Handing Down the Family Business

Like many business owners, you may dream of passing your family business down to the next generation. And yet you know the statistics aren’t good – most businesses don’t survive the transition from the founder.

We’ve found you can improve the odds of a successful transition by following some key steps. You don’t have to put your life on hold or shut the factory down for thirty days – just a few small steps, consistently taken over time, can make a big difference.

Over the next few posts we’re going to be talking about these steps as a sneak peek of our new book coming out later this year. There are so many tools and techniques and concepts out there (each with its own acronym – ESOP, EBITDA, APA) that it’s easy to get lost in the weeds and forget what you’re trying to accomplish in the first place.

So before we head to Acronym City, let’s look at what we’re after – a successful transition (sounds better than the alternative, doesn’t it?).

What is a Successful Transition?

By successful, we mean a transition that meets the following criteria:

  • Value loss is minimized.
  • Family harmony is maximized.

Keeping the Value in the Business

You’ve spent years building your business; you don’t want half the value to go out the door because you’re no longer around. Value can evaporate with the loss of key relationships/customers; loss of expertise; taxes; and business running to a competitor. Key questions: if something were to happen to you today, is there someone who knows what you know who can immediately put that knowledge to use? Or is it all (tapping your forehead) up here?

Maximizing Family Harmony

A family business should be a source of pride, not a burden. It’s a place where the people you choose can make fresh decisions to respond to the current market while acknowledging the legacy of those who’ve come before.

Every business has its challenges. But, you want to make sure that your chosen successor is willing to face those challenges on a daily basis, not shudder at the burden of it all. In other words, is this how she wishes to spend her life?

So, there’s a couple of takeaways – first, you want to make sure that your chosen successor is qualified. And the most important qualification is interest in the job. Impart as much wisdom as you can, let her take as many risks as she can so she can get the experience she needs. Wisdom + enthusiasm = power formula for success.

Second, the successor needs to know that not every decision is going to be challenged by her brother (or brother-in-law). As you know, running a business means making tough calls. You want to make sure your successor has the power she needs to make things happen without the constant sniping of others. This means designating someone to be in charge.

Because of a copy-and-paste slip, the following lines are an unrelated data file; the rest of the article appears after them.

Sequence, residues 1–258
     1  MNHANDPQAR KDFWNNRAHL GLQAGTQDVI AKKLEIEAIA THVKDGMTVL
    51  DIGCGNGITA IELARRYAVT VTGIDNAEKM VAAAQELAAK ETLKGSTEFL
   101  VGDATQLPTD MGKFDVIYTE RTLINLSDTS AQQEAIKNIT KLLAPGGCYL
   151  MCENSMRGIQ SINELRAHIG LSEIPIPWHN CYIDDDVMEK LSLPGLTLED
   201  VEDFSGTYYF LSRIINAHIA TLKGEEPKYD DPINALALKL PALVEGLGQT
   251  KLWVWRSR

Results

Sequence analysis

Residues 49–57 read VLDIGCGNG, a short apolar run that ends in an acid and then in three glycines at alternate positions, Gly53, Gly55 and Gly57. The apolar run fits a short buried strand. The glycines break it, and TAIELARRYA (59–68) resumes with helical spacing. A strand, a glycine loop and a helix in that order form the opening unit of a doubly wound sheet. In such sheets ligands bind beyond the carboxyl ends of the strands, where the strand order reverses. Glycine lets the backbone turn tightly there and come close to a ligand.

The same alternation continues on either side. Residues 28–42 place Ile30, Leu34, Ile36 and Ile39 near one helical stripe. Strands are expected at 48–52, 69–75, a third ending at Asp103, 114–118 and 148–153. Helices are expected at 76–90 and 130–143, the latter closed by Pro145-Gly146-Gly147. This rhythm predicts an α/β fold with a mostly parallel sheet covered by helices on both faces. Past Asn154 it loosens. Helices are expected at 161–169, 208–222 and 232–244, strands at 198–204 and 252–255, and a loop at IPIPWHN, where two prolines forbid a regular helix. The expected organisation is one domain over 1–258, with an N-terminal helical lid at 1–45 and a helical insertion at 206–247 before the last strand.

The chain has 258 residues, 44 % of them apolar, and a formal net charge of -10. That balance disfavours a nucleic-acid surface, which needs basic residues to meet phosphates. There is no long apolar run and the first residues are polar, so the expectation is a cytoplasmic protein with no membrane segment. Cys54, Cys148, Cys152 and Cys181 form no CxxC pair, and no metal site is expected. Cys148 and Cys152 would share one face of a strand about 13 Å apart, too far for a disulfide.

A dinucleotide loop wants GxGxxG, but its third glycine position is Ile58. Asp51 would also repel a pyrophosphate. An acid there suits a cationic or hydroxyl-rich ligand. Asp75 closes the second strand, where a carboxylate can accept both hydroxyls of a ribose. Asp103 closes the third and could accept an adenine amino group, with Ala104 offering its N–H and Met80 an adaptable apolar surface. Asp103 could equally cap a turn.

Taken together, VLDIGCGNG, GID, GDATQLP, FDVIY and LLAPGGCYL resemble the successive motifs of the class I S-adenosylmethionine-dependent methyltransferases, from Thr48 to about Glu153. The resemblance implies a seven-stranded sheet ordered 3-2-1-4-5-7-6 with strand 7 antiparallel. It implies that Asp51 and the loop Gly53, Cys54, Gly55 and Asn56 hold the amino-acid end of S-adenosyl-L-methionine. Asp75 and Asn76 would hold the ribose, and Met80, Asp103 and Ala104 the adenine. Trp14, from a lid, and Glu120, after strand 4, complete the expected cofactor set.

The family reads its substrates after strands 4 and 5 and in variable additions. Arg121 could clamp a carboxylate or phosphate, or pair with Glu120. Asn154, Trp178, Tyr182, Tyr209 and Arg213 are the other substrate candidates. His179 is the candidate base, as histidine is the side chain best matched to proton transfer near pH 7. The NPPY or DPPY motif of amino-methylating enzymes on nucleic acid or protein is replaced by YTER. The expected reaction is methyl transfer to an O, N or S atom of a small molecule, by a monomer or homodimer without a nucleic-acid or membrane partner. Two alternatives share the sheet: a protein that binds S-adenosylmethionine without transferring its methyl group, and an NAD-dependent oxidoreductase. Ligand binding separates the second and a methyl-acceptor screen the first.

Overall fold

It also likely means that the one in charge is going to need to be the owner. We’ve found (and you’ve probably seen) that one of the biggest challenges in a second-generation business is when those who are running the business (insiders) share ownership with those who work outside the business (outsiders). Wherever possible, don’t split the ownership between insiders and outsiders – it just creates bad blood for everyone involved. The insiders feel like they’re doing all the work, the outsiders feel like the insiders get all the perks. No one is happy. Centralize control and ownership.

You have every right to make your decision in private. But, once you’ve reached a decision, don’t keep it to yourself. Let your family know your intentions so they’re not finding out when the will is read. Better to have some tough conversations now so that people know where they stand.

As you go through this analysis, you may find that for your situation, the best transition is actually a sale of the business rather than handing the reins down to the next generation. Next time, we’ll look at the process of selling a business before returning to recommended steps for your successful transition.

Some suggested resources:

If you’re wondering how you can transfer what you know and do to something more widely shared and transferable, check out Michael Gerber’s book, The E-Myth Revisited.

For thoughts on choosing and training your successor and easing the travails of transition, look at Marshall Goldsmith’s book, Succession: Are You Ready?

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